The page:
Startup accelerator Straight Shot is set to open in a 3,000-square-foot space in the Scott Technology Center.
A little more than 10 years ago, Mark Hasebroock teamed up with two other Omaha entrepreneurs to buy and turn Hammocks.com into a viable business. Today, that company is known as Hayneedle, and it’s one of the internet’s largest retailers.
Hasebroock (left), who now manages a venture capital fund, has a new goal in the ecommerce world, but this time it isn’t to build just one business, it’s to build 100.
“Our vision is in 10 years we want to create 100 companies,” Hasebroock said last week of his new endeavour, Straight Shot, a startup accelerator focused on assisting ecommerce and SaaS model startups.
No other accelerator is specilizing in ecommerce, he said, “we’re the only ones doing it.”
Straight Shot, which will operate out of a 3,000-square-foot space in the Scott Technology Center, is accepting applications from those with a “back of the envelope idea” to revenue-generating companies in order to fill up to six spots, Hasebroock said. Startups that enroll in Straight Shot’s three-month curriculum—set to kick off in July—will receive $15,000-$20,000 in funding, discounted living arrangements nearby, access to service providers and interaction with a roster of more than 70 mentors. Companies that participate give up a 6 percent equity stake to Dundee Venture Capital, Hasebroock’s firm.
“Now there’s dozens of accelerators around the country, so why would we do one here?” said Hasebroock, who’s served as a mentor in three accelerators—the Brandery and TechStars Boulder and Chicago—over the past two years.
“The impact those programs have had on their community has been pretty astounding,” he said. “So is it great for the companies? Absolutely … but what’s really interesting is just seeing the impact that it’s had on Boulder, on Chicago, on Cincinnati to bring mentors, investors, media together all for one purpose, and that is (Straight Shot).”
That coagulation, as he called it, also will create streams of new investment opportunities for Dundee, he said, noting his firm isn’t seeing a lot of “great investment opportunities” in Omaha.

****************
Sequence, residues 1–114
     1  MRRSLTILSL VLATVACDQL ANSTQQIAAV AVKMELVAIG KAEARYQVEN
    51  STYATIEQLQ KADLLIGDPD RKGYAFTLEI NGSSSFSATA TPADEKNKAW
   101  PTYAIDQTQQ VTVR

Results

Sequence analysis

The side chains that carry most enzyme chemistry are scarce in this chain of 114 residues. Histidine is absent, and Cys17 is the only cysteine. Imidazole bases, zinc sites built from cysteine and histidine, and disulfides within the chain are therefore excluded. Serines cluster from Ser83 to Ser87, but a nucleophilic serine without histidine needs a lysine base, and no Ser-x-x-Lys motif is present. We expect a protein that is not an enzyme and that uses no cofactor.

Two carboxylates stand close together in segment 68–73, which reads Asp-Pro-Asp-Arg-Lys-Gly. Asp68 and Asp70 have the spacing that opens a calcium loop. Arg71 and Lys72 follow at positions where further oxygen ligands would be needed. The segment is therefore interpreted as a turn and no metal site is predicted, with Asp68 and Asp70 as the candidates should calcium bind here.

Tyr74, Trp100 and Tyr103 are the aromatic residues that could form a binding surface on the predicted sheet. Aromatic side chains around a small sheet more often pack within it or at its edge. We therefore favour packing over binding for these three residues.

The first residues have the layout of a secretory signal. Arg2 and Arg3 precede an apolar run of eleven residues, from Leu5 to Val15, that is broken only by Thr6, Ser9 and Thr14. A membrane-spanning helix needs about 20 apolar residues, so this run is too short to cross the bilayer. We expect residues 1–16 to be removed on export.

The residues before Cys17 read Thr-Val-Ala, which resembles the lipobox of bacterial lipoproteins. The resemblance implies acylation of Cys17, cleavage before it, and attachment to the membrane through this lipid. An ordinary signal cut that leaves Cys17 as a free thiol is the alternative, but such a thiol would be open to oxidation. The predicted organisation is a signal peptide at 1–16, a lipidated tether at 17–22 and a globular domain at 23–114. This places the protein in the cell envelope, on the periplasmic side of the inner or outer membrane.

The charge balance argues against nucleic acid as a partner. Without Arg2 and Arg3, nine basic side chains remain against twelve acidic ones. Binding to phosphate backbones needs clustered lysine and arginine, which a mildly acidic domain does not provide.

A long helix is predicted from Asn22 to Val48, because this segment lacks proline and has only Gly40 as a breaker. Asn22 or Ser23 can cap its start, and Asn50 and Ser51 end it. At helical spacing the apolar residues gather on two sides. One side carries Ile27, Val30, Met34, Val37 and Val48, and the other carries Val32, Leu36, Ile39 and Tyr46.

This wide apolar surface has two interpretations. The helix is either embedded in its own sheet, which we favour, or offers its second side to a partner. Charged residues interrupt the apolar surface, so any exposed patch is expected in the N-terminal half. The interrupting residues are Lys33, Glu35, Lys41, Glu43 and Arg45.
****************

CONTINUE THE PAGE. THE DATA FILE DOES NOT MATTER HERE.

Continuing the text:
“At the end of the day you hope what you have is a series of companies that are going to be successful and prepared for success, for funding, for growth, what have you,” Hasebroock said.
Faith Larson (right), who joined Straight Shot in February as its managing director, said the accelerator has already received 15 applications though its posting on f6s, a startup networking site. “We’ve had (applications) from San Francisco and Seattle to Louisville, Ken.; they’re all over the place,” Larson said.
Straight Shot anticipates closing its application in May and kicking off its first class two months later. During its three-month program, it will hold a regular speaker series that will be open to the public, as well. For those events, along with parts of the program’s curriculum, the accelerator has teamed up with Omaha tech advocacy organization AIM Institute.
“It’s a great opportunity for AIM to get into the startup scene,” Larson said. Other in-kind and monetary sponsors of Straight Shot include Scott Technology Center, First National Bank, Broadmoor Apartment Communities and Kooley Jessen.
Hasebroock, who’s also behind the idea incubator Drop Kick Ventures, wasn’t able to say how many hours he’d personally invest in the accelerator each week, though he said he’s ready to put in whatever it takes.
“It’s absolutely going to succeed so I’m going to make sure I spend whatever time necessary to make it happen,” Hasebroock said. “Plus, it’s just so exciting.”
The program, which expects to host one class per year, wraps up in October with a demo day.
Credits: Scott Technology Center photo courtesy of Straight Shot. Mark Hasebroock photo by Danny Schreiber. Faith Larson photo from LinkedIn.